Bernie Sanders had a rough night in Eastern Iowa this week.
The independent U.S. senator was not here, but several candidates with ties to his “democratic socialist” movement posted underwhelming primary results in the same territory where voters helped launch Sanders’ presidential campaign into relevance during the 2016 Iowa caucuses.
Sanders and the network of activists he built during the last presidential election have remained active over the past two years, including making endorsements through the spinoff organization Our Revolution. Tuesday’s primaries were the first real electoral test for the Sanders coalition in Iowa since the politician’s close second-place finish here in February 2016.
With a couple notable exceptions, the results were bleak.
Gubernatorial candidate Cathy Glasson was one of four Iowa candidates statewide endorsed by the national Our Revolution organization. Glasson finished a distant second in Tuesday’s Democratic primary, even falling 15 percentage points short of nominee Fred Hubbell in Johnson County, her home and the state’s prime hot spot for leftist politics.
Here in Johnson County, incumbent Supervisor Mike Carberry’s was endorsed by the local Our Revolution Johnson County chapter and circulated photos of himself and Sanders on campaign materials. He was soundly defeated in a race for two nominations against one challenger and one fellow incumbent.
In Eastern Iowa’s federal races, former Sanders delegate Courtney Rowe finished with just 8 percent of Democrats’ votes in the 1st Congressional District. U.S. Rep. Dave Loebsack, Iowa’s most prominent supporter of Sanders’ rival Hillary Clinton, ran unopposed for renomination and captured a higher percentage of the vote than the two incumbent Republican congressmen who ran unopposed in other districts, according to preliminary results.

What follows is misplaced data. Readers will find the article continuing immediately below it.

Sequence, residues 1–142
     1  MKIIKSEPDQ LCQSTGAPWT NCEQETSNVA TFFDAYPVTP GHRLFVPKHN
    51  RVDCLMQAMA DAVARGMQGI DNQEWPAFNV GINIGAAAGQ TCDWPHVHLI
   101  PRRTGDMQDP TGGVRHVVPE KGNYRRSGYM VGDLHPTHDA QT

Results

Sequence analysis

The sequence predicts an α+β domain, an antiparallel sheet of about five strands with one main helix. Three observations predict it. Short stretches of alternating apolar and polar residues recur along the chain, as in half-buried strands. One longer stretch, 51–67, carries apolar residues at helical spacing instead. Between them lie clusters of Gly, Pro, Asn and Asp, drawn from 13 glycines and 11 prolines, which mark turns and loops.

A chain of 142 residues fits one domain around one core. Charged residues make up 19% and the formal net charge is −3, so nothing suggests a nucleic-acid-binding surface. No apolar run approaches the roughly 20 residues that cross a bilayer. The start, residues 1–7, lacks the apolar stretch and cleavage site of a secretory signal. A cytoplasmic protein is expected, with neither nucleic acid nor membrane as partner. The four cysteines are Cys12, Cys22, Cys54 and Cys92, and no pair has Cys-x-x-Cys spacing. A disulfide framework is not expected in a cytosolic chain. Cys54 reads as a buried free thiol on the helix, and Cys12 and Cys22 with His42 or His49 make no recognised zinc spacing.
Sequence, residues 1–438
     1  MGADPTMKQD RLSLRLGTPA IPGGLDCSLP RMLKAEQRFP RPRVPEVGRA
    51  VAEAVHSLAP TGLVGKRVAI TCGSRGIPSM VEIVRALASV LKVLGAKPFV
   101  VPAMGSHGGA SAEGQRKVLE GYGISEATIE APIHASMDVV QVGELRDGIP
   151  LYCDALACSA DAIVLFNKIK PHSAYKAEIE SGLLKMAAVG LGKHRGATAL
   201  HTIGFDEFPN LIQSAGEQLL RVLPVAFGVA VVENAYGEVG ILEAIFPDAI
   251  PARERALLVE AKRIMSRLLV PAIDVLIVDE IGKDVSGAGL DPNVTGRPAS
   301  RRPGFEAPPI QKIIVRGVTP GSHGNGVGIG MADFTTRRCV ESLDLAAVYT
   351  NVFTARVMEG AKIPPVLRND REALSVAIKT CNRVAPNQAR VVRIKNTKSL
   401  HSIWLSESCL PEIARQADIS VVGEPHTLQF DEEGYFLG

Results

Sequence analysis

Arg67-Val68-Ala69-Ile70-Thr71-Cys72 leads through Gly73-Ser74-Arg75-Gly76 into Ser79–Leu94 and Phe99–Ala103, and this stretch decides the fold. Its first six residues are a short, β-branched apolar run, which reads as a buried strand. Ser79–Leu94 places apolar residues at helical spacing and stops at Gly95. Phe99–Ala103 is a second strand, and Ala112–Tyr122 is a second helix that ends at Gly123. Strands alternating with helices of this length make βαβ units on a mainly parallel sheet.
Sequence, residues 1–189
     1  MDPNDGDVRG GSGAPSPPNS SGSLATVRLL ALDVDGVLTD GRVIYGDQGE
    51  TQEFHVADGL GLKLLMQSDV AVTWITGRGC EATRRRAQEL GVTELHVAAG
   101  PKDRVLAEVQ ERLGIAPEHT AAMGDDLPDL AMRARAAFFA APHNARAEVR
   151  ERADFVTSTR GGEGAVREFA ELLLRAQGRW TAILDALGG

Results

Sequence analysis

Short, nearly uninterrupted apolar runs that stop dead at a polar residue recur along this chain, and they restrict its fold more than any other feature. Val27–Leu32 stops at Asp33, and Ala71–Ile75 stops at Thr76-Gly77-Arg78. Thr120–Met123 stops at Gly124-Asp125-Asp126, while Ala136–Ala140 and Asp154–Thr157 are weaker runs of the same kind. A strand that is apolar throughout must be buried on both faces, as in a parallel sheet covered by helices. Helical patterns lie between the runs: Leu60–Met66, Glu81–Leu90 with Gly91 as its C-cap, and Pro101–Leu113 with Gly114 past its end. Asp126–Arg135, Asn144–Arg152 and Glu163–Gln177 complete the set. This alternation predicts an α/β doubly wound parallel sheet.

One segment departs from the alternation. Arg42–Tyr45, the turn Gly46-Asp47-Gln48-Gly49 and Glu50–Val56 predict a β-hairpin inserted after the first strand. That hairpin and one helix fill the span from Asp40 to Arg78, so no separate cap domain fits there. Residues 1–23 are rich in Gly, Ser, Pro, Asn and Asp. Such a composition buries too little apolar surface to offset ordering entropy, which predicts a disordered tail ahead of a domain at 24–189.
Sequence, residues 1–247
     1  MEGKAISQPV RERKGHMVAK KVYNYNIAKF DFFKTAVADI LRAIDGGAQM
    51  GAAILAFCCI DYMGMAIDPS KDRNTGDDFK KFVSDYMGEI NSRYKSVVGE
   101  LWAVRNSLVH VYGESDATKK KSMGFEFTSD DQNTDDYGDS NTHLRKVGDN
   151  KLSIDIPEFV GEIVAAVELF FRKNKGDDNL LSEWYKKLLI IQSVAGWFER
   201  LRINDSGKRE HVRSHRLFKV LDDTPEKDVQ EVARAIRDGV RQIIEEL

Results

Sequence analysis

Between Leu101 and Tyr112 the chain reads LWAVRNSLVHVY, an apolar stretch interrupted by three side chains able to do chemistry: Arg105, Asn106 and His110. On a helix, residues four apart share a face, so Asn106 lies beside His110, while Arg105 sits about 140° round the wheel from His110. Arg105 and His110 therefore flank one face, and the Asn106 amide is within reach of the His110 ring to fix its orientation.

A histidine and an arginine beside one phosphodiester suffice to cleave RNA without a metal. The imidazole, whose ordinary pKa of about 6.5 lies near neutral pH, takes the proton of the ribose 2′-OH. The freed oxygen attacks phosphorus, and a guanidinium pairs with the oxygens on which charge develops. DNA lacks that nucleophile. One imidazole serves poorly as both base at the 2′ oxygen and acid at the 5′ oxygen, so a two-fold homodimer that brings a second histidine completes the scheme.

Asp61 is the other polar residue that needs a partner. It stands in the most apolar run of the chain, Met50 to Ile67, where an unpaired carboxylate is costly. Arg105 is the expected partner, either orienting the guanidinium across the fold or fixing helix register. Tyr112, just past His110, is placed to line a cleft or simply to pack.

The rest of the state offered mixed results. Deidre DeJear and J.D. Scholten, Our Revolution endorsees running for secretary of state and the 4th Congressional District nomination, won their primaries. Pete D’Alessandro, a former Sanders campaign leader, placed a distant third in his 3rd Congressional District race.
All in all, it was a disappointing performance for the political coalition which captured nearly 50 percent of Iowa Democratic caucusgoers’ support two years ago. Still, they vowed this week they’re not going away.
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“We can honestly say, we’ve built a bold progressive movement that is a force to be reckoned with. … Our movement isn’t going anywhere. I’m not going anywhere. There’s too much to be done,” Glasson said in a statement this week.
Ever since the Sanders-Clinton nominating contests of 2016, political insiders and commentators have pondered whether the moderate and far-left factions of the Democratic Party will unite again.
To the extent they have, it’s because the party was and is predominantly composed of Clinton-style Democrats. Maybe the one night half of them were Sanders-style Democrats was only a moment, and not a movement.
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